The new technique is based on methods which are already routinely used in hospitals – with two im-portant innovations. First, the biomarkers are visualised using pure metal isotopes instead of dyes. To do so, biomarkers on very thin tissue sections are labelled with antibodies. The antibodies are cou-pled to the pure metal isotopes.
Then tiny pieces of tissue are removed with a laser system devel-oped by Prof. Detlef Günther from the ETH Zurich, and the metal isotopes of the pieces are measured with a mass spectrometer which can determine the mass and quantity of the individual metal isotopes. “This trick gets round the problem of the limited number of colours in the analysis of biological sam-ples”, comments Bodenmiller.
Secondly, information about the cells, and their control circuits, is no longer qualitative. With the new measurement method it is possible to precisely determine which cells experience what effect and to which extent. In this way the weak points of the control system can be pinpointed and this helps in the development of new therapeutic approaches. This is the reason, so Bodenmiller, why it is becoming increasingly important to understand these interactions for diagnosis and therapy.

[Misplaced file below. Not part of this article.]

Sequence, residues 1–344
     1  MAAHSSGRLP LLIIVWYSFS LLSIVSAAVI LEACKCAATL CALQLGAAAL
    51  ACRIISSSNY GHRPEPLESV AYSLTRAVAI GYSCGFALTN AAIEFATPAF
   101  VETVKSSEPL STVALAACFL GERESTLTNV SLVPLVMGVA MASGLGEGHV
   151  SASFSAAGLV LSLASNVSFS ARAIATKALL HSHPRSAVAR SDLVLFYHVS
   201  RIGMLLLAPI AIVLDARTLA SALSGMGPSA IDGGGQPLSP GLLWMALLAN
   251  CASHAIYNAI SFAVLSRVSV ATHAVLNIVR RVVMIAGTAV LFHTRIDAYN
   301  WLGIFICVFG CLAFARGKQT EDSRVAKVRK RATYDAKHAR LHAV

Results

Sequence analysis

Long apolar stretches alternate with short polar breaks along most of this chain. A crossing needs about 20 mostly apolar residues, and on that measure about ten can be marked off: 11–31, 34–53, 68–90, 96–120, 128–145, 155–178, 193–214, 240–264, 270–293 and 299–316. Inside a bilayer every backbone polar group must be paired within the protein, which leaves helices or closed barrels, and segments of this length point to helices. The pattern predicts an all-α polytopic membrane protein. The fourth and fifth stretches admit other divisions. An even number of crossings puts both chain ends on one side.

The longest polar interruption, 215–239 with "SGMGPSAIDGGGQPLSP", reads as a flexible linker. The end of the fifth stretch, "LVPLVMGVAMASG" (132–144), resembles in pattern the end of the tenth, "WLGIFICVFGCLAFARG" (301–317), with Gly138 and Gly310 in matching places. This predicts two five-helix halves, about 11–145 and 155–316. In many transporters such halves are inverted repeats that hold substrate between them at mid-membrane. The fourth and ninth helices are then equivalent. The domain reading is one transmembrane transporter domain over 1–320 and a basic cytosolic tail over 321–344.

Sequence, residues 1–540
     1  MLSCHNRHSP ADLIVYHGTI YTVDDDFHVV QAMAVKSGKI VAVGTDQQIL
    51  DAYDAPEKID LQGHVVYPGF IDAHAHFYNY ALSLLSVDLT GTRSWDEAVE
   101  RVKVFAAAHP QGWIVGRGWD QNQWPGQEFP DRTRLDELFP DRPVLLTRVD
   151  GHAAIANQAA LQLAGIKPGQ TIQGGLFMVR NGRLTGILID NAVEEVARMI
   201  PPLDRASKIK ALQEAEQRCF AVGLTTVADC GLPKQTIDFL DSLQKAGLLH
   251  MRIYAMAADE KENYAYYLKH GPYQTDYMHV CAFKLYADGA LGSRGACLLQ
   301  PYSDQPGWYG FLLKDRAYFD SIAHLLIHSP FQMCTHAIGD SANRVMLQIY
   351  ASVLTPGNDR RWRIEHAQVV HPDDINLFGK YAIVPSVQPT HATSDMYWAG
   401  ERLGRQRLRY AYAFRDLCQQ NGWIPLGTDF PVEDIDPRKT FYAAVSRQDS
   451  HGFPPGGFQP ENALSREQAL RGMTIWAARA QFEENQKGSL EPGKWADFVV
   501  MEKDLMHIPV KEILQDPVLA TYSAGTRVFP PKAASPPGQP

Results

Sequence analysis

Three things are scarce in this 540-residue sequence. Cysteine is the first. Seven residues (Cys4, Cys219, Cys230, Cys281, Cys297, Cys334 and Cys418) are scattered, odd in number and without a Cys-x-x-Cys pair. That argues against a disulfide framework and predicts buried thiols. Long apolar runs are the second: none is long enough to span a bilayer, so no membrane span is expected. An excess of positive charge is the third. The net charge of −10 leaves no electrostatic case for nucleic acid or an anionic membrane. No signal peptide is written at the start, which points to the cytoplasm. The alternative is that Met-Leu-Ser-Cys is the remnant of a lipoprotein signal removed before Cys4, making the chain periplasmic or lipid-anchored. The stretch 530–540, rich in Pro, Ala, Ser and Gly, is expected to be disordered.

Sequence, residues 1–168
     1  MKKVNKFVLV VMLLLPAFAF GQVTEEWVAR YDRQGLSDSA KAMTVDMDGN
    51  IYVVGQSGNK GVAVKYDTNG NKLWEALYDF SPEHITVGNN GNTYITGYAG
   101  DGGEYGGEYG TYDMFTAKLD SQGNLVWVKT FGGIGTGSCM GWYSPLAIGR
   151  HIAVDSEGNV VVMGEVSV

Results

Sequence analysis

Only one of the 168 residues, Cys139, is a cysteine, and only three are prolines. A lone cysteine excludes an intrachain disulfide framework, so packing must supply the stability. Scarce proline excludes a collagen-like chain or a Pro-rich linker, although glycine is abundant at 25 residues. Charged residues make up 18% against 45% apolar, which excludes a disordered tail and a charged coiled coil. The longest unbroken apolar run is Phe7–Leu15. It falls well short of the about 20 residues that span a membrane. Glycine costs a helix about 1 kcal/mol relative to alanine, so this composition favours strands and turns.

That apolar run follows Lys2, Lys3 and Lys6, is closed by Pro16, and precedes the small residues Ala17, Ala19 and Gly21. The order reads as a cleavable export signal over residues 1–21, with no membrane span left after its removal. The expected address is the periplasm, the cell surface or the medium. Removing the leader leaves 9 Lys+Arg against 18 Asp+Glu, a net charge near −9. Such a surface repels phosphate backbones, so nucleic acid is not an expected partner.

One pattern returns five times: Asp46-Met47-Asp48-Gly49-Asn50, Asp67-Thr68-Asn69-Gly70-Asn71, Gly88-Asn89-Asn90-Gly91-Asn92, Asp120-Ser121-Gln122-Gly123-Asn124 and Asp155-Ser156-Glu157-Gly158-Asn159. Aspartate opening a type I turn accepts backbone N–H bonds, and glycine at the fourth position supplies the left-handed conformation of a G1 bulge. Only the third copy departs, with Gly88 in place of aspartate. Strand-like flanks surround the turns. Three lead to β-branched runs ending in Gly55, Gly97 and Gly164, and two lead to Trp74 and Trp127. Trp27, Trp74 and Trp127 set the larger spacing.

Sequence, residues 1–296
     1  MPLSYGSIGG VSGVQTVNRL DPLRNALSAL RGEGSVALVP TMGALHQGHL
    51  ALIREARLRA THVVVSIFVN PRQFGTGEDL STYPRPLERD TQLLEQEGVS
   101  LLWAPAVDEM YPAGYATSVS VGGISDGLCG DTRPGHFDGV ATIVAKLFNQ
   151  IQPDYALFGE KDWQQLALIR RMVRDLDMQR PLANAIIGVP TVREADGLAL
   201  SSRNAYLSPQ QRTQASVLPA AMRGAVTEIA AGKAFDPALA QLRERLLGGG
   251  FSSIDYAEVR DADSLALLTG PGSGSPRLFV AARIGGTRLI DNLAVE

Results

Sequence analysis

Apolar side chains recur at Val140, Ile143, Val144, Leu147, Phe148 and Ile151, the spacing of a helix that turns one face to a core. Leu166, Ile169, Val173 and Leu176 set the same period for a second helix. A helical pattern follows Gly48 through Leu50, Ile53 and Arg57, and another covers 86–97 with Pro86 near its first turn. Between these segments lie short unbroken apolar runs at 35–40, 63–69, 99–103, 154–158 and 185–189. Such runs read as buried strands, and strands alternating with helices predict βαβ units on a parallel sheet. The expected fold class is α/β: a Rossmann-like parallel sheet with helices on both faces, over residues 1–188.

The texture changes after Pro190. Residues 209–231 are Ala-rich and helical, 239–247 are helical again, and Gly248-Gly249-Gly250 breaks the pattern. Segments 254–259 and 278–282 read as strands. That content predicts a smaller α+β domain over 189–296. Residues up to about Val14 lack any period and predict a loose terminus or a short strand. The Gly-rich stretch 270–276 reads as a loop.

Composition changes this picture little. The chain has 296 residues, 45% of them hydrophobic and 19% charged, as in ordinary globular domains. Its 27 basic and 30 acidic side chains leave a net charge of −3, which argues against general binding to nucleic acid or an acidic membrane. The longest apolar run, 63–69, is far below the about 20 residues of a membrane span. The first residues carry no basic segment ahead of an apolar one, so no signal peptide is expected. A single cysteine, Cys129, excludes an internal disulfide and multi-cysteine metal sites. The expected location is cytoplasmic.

Customised treatment is the goal
The initial measurement results of the new biomarker technique for breast cancer have revealed the heterogeneity of tumours. As a consequence of major growth, some tumours suffer from oxygen defi-ciency on the inside, other misuse the body’s own immune cells to drive their growth. Cell-cell interac-tion and cell location in the centre or on the edges of the tumour also have a decisive influence. One thing is clear: no tumour is like any other and Bodenmiller believes that treatment should reflect this. In a next step his research team wishes to use the new measurement method to explore the roles played by control circuits and cell communication in metastasis formation.
Charlotte Giesen, H. A. O. Wang, Denis Schapiro, Nevena Zivanovic, Andrea Jacobs, Bodo Hatten-dorf, Peter J Schüffler, Daniel Grolimund, Joachim M Buhmann, Simone Brandt, Zsuzsanna Varga, Peter J. Wild, Detlef Günther & Bernd Bodenmiller. Highly multiplexed imaging of tumor tissues with subcellular resolution by mass cytometry. Nature Methods, March 2014. DOI:10.1038/nmeth.2869